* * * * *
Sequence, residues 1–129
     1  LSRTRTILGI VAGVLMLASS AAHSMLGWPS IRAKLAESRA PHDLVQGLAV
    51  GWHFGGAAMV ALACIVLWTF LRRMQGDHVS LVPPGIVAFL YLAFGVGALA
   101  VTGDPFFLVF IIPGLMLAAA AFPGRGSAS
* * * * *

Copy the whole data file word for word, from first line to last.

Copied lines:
Sequence, residues 1–129
     1  LSRTRTILGI VAGVLMLASS AAHSMLGWPS IRAKLAESRA PHDLVQGLAV
    51  GWHFGGAAMV ALACIVLWTF LRRMQGDHVS LVPPGIVAFL YLAFGVGALA
   101  VTGDPFFLVF IIPGLMLAAA AFPGRGSAS